Tropical Fish Keeping - Aquarium fish care and resources

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It'sJames 11-21-2007 07:03 PM

Adding CO2 to a planted aquarium...
I have a planted freshwater aquarium, and I'd like to add CO2. I know nothing about how this works, I just know it's one more thing to buy... How do I add it, and what will I need? How much will it cost? Any suggestions and advice are appreciated!

fish_4_all 11-22-2007 12:22 AM

Well DIY CO2 will cost you about $8 to start and about $3 a month in sugar and yeast. Pressurized will cost about $400-800 to start and about $1-2 a month to maintain for the same tank size as the DIY costs.

DIY can be unreliable and hard to control but it does work. A lot more effort needs to be taken to keep the mixtures producing. The hardest part is maintaining 30ppm or higher and not have it fluctuate below that.

Pressurized, once you have it set up, is a lot more stabvle, a lot easier to maintain and will make life much easier but as you see, it is a lot more expensive.

For DIY, you will need at least 2 liters of bottle space for every 20 gallons. A simple mixture of yeast, wine yeast seems to be the prefered and works best form those who I know of that use it, and suger is all you need.

Let us know which way you want to go for now and we can get you pointed in the right direction as to what you need to get and how to get it up and running.

FishAddict99 11-23-2007 02:38 PM

CO2 Fizz Factory
I too have a planted freshwater aquarium that I want to add CO2 to. I saw some DIY things but they seemed way too complicated. Then, I stumbled upon the Jungle Plant Care CO2 factory. I researched it and it looks really simple to set up and use. You can find pictures for it on google images. I saw it at Petco for around $30 but Petsmart has it for only $15. I tried to pick it up in stores, but it can only be found at Today I ordered it and hope to get it in about a week.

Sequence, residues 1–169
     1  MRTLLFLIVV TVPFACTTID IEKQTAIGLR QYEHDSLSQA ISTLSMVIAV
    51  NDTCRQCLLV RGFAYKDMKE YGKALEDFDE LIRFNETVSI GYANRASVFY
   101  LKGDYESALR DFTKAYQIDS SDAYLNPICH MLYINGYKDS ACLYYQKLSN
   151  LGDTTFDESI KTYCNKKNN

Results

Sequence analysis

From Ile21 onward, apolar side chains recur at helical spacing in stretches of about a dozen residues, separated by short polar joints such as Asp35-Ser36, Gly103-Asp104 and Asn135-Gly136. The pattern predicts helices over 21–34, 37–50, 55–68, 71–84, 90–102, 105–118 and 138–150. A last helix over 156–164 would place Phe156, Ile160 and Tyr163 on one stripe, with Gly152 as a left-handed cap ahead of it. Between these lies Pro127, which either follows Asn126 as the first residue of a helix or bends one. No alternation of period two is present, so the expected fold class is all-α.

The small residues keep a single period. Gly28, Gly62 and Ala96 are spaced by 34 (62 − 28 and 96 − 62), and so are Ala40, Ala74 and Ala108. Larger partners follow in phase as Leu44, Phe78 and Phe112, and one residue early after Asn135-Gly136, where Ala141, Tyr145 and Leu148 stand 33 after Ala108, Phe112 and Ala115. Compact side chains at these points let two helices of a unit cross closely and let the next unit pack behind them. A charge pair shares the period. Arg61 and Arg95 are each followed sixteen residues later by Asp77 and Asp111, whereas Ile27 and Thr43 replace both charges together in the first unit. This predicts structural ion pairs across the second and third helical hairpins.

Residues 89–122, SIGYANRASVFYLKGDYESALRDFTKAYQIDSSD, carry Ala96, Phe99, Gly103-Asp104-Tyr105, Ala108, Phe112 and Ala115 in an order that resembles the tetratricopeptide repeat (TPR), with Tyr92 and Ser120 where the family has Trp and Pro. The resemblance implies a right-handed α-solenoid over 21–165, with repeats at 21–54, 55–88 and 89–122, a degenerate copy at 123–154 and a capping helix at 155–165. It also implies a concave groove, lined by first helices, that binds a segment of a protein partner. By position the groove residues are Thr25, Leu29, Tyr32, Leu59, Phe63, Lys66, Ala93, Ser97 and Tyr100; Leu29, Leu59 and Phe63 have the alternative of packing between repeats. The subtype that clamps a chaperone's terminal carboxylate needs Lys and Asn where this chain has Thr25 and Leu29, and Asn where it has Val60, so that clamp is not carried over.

fish_4_all 11-23-2007 04:29 PM

There are other options like FishAddict99 stated. They are however less reliable than DIY and often wind up costing a lot more to keep them running and to keep levels high enough to prevent algae. Again, there are ways to make them work if you have the time and patience.

As for DIY CO2, it is pretty easy. All it takes is the bottles, some airline tubing, some yeast and sugar, a couple check valves and some silicone or plumbers pipe tape to make sure it is all sealed air tight. The hard part is keeping the jugs at a steady temperature so they produce enough to keep the levels high enough. If I had DIY right now I owuld have to have another tnak set up to maintain the bottles as my house is terribly under insulated and the front room gets down to 68F in the winter. In the summer it works great, almost too well but winter I get terrible algae blooms and the CO2 seems to make things worse.

I will see if there is a diagram in the DIY section, if not, I will draw one up to show the easiest way to do it.

If you do decide to get the Jungle plant care CO2 factory, the diffusor is fairly good but putting the exit near the intake of your HOB filter or the intake of a Canister filter will help to make sure all the CO2 is dissolved and you get the best levels possible with such units.

mgamer20o0 11-29-2007 01:11 PM

i never paid 400-800 for my co2 set ups......

100-200 for mine....

not all planted tanks need co2. how much light do you have? what plants?

slink 01-22-2008 01:10 AM


Originally Posted by mgamer20o0
not all planted tanks need co2. how much light do you have? what plants?

This is a thread of interest to me since I've got a similar situation too. I've got a small 16 gallon tall tank with some wysteria, Anubias barteri, Red Crypt, Java Fern, Moss Ball, and I think Anubias congensis in it. They all should be low light plants.

(1) Do I need more light than the 15 watts for the 16 gallons I get from standard hood? I've heard that I do, even though with the high substrate in the tank I probably have more like 12-13 gallons of water. I've been able to find a 36 watt CF retrofit kit that promises to do the trick. I hear that this is unnecessary for these plants. Doing a retro will be very expensive ($75 minimum) and will supposedly greatly increase algae too.

(2) Do I really need a CO2 injector with a tank this small? It's difficult enough to cram all this into my apartment and also take time for yet another think to cram into the tank. I don't care for massive plant growth, just very gradual and more maintenance. Right now I have a small air pump with a stone just above the gravel that runs at night. I'm not sure is worth much of anything but figured it might help from what I read.

It seems you know a lot more about these kinds of plants than I or many others do and I have received conflicting advice. Thanks so much for sharing.

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